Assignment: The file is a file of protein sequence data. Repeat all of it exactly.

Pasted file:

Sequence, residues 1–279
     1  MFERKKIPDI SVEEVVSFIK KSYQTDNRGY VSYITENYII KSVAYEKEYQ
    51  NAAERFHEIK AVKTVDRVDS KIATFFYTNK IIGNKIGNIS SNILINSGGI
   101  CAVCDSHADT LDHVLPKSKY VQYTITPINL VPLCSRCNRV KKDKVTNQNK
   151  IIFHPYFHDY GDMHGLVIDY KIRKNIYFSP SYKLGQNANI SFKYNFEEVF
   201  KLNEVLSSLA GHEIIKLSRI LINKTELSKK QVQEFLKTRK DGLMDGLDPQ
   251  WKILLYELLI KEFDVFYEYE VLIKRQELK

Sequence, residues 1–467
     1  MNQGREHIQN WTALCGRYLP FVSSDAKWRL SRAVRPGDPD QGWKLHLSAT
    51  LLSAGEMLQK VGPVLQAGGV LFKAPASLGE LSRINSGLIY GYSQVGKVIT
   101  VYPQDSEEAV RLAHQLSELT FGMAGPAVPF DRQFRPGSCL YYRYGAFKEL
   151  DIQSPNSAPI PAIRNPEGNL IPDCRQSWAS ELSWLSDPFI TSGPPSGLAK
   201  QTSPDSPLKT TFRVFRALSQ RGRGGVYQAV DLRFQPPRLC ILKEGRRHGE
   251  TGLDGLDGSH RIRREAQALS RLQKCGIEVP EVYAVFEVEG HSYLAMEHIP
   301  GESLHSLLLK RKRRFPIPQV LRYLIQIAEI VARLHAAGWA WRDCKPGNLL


Sequence, residues 1–279
     1  MFERKKIPDI SVEEVVSFIK KSYQTDNRGY VSYITENYII KSVAYEKEYQ
    51  NAAERFHEIK AVKTVDRVDS KIATFFYTNK IIGNKIGNIS SNILINSGGI
   101  CAVCDSHADT LDHVLPKSKY VQYTITPINL VPLCSRCNRV KKDKVTNQNK
   151  IIFHPYFHDY GDMHGLVIDY KIRKNIYFSP SYKLGQNANI SFKYNFEEVF
   201  KLNEVLSSLA GHEIIKLSRI LINKTELSKK QVQEFLKTRK DGLMDGLDPQ
   251  WKILLYELLI KEFDVFYEYE VLIKRQELK

Sequence, residues 1–467
     1  MNQGREHIQN WTALCGRYLP FVSSDAKWRL SRAVRPGDPD QGWKLHLSAT
    51  LLSAGEMLQK VGPVLQAGGV LFKAPASLGE LSRINSGLIY GYSQVGKVIT
   101  VYPQDSEEAV RLAHQLSELT FGMAGPAVPF DRQFRPGSCL YYRYGAFKEL
   151  DIQSPNSAPI PAIRNPEGNL IPDCRQSWAS ELSWLSDPFI TSGPPSGLAK
   201  QTSPDSPLKT TFRVFRALSQ RGRGGVYQAV DLRFQPPRLC ILKEGRRHGE
   251  TGLDGLDGSH RIRREAQALS RLQKCGIEVP EVYAVFEVEG HSYLAMEHIP
   301  GESLHSLLLK RKRRFPIPQV LRYLIQIAEI VARLHAAGWA WRDCKPGNLL